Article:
“An Ideal and Patriotic Interest”: Strategy in the South Pacific

The South Pacific has once again become a strategic theater for Great Power competition, and the US is falling behind. Still, it is not too late to win the day and cement American primacy in a critical region.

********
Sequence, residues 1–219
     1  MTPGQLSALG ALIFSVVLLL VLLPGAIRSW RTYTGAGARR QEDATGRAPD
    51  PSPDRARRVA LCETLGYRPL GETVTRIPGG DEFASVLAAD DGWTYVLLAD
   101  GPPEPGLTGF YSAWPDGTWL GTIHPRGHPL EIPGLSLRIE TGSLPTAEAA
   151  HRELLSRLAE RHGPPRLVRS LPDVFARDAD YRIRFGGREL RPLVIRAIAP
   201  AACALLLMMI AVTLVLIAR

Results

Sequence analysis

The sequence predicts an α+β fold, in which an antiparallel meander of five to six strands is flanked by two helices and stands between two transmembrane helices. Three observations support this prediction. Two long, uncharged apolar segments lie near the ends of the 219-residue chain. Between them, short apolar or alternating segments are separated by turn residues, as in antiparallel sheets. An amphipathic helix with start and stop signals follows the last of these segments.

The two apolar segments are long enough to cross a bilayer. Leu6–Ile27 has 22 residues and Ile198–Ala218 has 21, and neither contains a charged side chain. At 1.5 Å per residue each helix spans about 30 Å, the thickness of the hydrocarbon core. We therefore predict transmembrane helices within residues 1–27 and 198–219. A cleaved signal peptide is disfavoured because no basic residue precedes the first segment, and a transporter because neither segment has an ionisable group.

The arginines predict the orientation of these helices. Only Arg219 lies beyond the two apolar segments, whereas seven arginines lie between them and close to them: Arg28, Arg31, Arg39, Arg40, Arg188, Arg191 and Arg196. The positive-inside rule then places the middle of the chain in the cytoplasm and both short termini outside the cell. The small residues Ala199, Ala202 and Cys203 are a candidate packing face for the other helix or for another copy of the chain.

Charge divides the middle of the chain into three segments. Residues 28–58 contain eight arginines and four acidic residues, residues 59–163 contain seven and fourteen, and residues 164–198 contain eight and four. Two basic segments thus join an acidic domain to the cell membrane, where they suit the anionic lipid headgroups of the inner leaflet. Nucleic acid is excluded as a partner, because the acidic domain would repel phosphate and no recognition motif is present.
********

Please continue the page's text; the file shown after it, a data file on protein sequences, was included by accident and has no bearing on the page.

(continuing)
What comes to mind when you hear the phrase “South Pacific”? For most, it likely conjures up images of white sandy beaches, lush tropical forests, and incredibly expensive vacations. Others may think of the musical of the same name, or the hard-fought WWII campaign pitting the Americans against the Japanese. For a small number of us, it brings to mind one thing above all else: strategic competition. The region has been a hotbed of imperial rivalry for at least the past 150 years, ebbing and flowing in its importance as various world powers have risen and fallen. Now, its strategic role has returned with a vengeance, as China vies with the United States and its regional allies for local primacy. New developments in the China-US competition over these myriad islands have brought the issue into sharper focus, called to mind important historical parallels, and led to a key question: what should the US do to claim the upper hand in this struggle for power and influence?

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